If you missed the green wood before placing it on the fire, there are still tell-tale signs to notice your mistake when burning green wood. Due to the high moisture levels, when burning unseasoned wood in a fireplace you will hear pops and hisses as the extra water evaporates from the fire. From the increased moisture, green wood typically produces thicker smoke.

The final sign of having used unseasoned wood is that your fire is struggling. Unseasoned wood is more difficult to light, and in turn, stays lit. Fire and water are opposites, and with excess water in your burning material, you’ll find unseasoned lumber is wood that doesn’t burn easily.

Be On the Lookout for Seasoned Wood

Image of stacked seasoned fire woodPlease, put away the salt and pepper. When wood is properly “seasoned”, it just means that the wood is at an appropriate level of dryness to be used in a fire.

Without the extra water, the wood will also naturally become less dense. When choosing seasoned wood, you can tell seasoned from green pieces as seasoned wood will be lighter weight.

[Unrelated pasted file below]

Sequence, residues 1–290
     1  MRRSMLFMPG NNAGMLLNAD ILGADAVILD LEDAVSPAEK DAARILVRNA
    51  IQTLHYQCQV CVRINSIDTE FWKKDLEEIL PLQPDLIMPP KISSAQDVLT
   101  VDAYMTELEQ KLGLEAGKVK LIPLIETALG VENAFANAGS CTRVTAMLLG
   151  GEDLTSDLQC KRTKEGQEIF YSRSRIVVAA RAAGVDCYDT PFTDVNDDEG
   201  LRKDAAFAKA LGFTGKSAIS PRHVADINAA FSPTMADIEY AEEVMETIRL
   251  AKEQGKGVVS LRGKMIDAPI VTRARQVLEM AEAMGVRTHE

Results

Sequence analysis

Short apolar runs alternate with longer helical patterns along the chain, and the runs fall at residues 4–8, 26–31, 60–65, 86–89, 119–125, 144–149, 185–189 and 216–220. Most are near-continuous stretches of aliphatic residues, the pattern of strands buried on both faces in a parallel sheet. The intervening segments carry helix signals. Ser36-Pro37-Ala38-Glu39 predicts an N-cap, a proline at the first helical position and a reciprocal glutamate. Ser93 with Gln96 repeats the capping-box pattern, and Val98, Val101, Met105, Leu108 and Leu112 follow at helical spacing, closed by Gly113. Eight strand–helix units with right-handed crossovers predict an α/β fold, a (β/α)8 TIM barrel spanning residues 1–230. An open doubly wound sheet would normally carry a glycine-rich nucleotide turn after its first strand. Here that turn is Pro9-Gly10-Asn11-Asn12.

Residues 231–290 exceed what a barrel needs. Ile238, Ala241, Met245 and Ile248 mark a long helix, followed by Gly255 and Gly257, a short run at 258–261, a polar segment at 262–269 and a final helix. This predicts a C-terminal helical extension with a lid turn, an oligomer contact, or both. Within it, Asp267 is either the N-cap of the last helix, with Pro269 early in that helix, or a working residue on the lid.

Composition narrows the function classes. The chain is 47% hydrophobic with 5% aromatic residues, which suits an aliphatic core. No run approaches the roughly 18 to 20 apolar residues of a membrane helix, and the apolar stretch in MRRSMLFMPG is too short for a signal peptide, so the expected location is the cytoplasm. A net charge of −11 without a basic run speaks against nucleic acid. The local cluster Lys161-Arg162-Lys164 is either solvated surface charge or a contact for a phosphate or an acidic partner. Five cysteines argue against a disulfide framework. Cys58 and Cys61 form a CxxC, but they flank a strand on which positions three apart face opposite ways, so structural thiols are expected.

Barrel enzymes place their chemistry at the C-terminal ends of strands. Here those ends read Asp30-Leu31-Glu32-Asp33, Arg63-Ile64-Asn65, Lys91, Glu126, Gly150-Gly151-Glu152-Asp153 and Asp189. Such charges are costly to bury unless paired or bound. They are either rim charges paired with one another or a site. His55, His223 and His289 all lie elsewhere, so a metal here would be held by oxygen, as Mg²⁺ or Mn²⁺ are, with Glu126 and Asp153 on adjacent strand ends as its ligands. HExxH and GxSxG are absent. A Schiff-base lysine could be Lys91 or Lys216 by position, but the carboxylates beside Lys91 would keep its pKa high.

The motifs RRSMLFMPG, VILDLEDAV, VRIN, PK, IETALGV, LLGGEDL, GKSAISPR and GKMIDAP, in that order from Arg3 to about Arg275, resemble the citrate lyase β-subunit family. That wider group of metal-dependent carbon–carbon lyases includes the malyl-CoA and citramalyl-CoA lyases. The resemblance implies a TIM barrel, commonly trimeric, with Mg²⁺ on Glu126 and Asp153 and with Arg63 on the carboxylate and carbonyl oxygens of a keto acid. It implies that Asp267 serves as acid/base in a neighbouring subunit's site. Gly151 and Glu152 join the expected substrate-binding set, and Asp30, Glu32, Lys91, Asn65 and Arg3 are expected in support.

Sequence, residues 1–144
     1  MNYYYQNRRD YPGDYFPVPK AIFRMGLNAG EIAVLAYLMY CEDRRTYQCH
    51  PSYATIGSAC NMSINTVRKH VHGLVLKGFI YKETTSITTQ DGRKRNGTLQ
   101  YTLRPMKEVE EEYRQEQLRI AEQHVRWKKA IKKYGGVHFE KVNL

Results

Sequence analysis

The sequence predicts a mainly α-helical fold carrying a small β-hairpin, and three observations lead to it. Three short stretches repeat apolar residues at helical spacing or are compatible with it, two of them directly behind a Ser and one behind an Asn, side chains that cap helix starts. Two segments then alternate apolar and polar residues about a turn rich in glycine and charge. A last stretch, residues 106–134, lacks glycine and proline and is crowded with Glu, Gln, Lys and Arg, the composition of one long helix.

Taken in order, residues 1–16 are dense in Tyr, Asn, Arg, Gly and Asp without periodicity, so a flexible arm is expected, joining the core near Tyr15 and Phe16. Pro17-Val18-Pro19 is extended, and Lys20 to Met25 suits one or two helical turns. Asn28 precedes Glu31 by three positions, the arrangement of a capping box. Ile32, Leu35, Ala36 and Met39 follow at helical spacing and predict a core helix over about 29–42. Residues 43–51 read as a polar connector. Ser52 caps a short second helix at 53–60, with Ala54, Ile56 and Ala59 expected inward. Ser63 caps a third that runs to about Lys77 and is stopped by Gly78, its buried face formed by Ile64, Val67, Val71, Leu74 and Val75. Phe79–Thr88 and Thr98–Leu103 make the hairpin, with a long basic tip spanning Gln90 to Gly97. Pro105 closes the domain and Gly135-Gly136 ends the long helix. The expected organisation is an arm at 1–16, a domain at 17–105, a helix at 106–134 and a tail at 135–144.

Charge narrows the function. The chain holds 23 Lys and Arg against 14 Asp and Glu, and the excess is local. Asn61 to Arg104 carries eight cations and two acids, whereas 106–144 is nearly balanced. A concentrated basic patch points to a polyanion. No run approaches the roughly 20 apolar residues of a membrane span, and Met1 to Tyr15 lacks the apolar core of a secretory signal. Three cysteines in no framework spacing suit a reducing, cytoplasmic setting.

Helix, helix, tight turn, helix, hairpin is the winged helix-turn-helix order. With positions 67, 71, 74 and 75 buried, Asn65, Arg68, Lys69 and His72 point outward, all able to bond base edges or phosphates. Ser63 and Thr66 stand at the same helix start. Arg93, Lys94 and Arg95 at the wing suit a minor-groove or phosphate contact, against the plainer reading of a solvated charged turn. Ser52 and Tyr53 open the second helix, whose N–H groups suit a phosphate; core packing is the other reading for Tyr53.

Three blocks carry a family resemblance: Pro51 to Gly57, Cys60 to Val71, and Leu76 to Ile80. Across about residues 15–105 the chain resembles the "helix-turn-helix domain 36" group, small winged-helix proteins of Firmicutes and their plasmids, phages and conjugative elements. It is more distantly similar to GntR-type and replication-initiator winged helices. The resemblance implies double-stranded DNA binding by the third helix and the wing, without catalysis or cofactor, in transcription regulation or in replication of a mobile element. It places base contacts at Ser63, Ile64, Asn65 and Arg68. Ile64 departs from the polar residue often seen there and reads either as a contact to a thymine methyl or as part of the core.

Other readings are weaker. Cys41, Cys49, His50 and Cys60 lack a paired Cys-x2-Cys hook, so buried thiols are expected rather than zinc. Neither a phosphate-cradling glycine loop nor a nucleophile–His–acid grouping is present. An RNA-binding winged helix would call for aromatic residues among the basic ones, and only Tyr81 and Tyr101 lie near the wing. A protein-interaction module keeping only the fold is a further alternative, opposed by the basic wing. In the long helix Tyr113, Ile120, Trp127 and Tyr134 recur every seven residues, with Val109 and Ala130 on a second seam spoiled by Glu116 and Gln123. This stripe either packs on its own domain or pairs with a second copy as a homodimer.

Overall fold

When looking for seasoned wood to use, simply approach the search looking for the opposite characteristics of unseasoned wood. Seasoned wood will be lighter in color with a gray hue, as the color visually represents the dryness without the extra moisture. The bark will peel off easily, and the dry pieces will snap cleanly in half when bent.

Why Is Burning Unseasoned Wood in a Fireplace Dangerous and Harmful?

Image of backpuffing fireplaceAs mentioned before, unseasoned wood has moisture levels remaining inside it. When burning green wood, the chemical process of heating up the wood causes the water molecules to evaporate. While smoke is inevitable, burning green wood produces smoke in excess due to having excess moisture.

Within that excess smoke are naturally produced chemicals that flow up your chimney. But an increased amount of smoke can cause four serious chimney issues: